The New York Academy of Sciences
Towards Transformative Therapies for Sickle Cell Disease
Posted March 06, 2018
Every year, more than 300,000 people are born with sickle cell disease (SCD), a blood disorder marked by frequent vaso-occlusive crises (VOC) in which patients experience fatigue and extreme pain. These crises can lead to organ damage and in the long term, early mortality. To date, the FDA has only approved two treatments for the disease. But improved insight into the complex pathophysiology of SCD has led to the recent development of diverse approaches for treatment, including inhibition of hemoglobin polymerization, prevention and treatment of vaso-occlusive events, and disease corrective gene therapy approaches.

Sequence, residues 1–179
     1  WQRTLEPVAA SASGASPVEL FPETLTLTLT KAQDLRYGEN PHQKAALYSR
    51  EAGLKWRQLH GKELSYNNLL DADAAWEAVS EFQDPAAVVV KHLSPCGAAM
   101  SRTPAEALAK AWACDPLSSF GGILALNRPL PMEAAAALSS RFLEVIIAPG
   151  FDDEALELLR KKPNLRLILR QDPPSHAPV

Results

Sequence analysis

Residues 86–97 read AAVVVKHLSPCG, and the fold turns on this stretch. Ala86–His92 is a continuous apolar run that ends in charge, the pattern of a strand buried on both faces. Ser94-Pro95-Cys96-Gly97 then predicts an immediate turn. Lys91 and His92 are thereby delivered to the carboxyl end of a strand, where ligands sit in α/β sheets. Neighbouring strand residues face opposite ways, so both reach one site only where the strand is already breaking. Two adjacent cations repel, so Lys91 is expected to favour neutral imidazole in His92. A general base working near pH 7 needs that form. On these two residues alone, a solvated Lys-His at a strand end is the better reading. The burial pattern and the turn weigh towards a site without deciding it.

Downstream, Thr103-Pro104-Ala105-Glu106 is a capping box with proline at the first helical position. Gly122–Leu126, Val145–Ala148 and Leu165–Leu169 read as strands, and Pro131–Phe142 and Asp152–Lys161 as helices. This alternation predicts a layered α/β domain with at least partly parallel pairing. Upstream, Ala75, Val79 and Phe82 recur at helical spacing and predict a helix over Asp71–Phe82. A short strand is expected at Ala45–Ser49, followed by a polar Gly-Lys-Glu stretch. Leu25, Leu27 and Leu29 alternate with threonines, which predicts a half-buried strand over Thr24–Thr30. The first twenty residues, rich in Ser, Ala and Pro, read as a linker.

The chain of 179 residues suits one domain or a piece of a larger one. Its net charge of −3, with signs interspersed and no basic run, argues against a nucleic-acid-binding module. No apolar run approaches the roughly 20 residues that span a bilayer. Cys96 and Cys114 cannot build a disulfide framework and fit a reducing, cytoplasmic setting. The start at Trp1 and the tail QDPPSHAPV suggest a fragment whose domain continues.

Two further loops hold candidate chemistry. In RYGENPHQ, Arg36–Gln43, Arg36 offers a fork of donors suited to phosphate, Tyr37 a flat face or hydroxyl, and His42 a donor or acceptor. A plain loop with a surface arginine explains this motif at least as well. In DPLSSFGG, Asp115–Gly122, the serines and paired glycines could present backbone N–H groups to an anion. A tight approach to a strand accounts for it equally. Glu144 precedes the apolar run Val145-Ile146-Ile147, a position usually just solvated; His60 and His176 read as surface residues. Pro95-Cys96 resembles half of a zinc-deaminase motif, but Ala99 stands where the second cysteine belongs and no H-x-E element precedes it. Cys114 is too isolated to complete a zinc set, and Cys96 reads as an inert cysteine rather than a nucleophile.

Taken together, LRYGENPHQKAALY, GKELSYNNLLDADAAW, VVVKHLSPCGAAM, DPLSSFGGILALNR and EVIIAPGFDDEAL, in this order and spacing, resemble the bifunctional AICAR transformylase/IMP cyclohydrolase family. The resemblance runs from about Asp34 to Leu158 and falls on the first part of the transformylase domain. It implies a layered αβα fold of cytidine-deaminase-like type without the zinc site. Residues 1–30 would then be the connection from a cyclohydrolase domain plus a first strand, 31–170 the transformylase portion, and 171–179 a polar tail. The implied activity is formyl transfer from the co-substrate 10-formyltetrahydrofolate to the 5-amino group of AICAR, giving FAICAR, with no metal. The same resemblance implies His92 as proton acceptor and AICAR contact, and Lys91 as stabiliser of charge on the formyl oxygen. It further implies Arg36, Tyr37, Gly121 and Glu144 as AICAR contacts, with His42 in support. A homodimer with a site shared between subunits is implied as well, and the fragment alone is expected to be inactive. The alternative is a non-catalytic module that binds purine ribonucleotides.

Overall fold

On October 24, 2017, the New York Academy of Sciences and the Biochemical Pharmacology Discussion Group presented Towards Transformative Therapies for Sickle Cell Disease. The event brought together leading researchers and scientists from across the field to discuss key biological mechanisms of the disease and innovative new approaches for treatment, while underscoring the importance of the patient experience.